Tag Archive for: God’s presence

This is Part 1 on Hospitality

Read Part 2 Here

As a follower of Jesus, you have an opportunity for hospitality with every person you encounter. Whether family, friend, colleague, neighbor, stranger, or enemy, you have the opportunity to be God’s loving presence in the way you receive them and interact with them. Hospitality is part of God’s mission, and you were invited into that mission when you were claimed as a “beloved child of God, called and commissioned for ministry at your baptism

Explore more: Preparing for Mission: Being About God’s Business and Preparing for Mission: Hospitality is a Lifestyle

Why Does the Church Exist?

With that in mind, think of the church as a community of Jesus followers who exist primarily for people who are not members. As a follower of Jesus, you are an instrument of God’s love for people who do not know or understand the love of God.  The apostle Paul instructed the church in Rome, “Welcome one another, therefore, just as Christ has welcomed you, for the glory of God” (Romans 15:7). Hospitality is your response to God’s grace, God’s great hospitality offered to you in Jesus.  

Said another way, as a beloved child of God, you love others for the purpose of being who God created you to be. You become an instrument of God’s grace, extending a welcoming heart and hand in the name of Jesus. Hospitality becomes who you are. It becomes the way you live your life. God sends people your way every day. So, reach out and receive them for the glory of God. It is who you are. Love them the way you have been loved by God in and through Jesus.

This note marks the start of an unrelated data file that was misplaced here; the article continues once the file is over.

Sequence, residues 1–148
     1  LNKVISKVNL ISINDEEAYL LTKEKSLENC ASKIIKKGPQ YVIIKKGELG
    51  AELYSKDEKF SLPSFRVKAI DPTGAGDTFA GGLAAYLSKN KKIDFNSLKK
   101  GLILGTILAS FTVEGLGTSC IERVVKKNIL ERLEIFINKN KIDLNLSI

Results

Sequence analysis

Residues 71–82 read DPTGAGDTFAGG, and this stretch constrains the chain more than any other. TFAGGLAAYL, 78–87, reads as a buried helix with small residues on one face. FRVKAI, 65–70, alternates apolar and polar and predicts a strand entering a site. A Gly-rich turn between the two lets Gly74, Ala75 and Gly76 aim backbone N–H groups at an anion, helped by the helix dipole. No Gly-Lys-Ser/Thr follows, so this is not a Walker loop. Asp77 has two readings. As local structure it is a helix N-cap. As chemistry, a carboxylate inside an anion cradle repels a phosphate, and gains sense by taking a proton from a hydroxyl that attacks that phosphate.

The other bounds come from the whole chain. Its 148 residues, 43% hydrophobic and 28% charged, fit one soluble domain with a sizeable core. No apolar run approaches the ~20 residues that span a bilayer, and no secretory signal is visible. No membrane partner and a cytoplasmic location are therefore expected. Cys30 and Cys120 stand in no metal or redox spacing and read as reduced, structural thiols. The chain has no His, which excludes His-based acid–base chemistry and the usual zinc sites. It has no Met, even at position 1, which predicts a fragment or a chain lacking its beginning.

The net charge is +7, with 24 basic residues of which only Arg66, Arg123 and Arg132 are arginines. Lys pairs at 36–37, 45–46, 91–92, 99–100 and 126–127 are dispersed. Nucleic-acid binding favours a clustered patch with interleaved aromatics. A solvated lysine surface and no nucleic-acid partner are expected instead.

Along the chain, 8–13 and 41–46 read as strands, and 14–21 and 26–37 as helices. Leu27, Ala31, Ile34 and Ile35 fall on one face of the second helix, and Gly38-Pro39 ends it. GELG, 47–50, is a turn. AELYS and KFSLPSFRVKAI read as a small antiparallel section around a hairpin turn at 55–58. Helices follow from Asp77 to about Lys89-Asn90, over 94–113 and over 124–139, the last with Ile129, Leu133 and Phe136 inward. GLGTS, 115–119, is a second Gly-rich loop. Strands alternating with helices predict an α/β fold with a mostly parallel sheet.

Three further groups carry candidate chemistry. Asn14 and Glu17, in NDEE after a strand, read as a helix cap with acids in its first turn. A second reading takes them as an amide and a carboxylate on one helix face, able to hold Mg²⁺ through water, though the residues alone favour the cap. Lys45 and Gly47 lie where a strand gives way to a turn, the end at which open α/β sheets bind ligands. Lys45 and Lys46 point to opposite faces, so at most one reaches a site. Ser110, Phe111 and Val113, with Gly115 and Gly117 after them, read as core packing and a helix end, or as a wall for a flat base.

The story of the road to Emmaus gives us insight into Luke’s understanding of hospitality. 

Read Luke 24:28-32 

When they came to Emmaus, he acted as if he was going on ahead. But they urged him, saying, “Stay with us. It’s nearly evening, and the day is almost over.” So, he went in to stay with them. After he took his seat at the table with them, he took the bread, blessed and broke it, and gave it to them. Their eyes were opened, and they recognized him, but he disappeared from their sight. They said to each other, “Weren’t our hearts on fire when he spoke to us along the road and when he explained the scriptures for us?” 

Reflect on Luke 24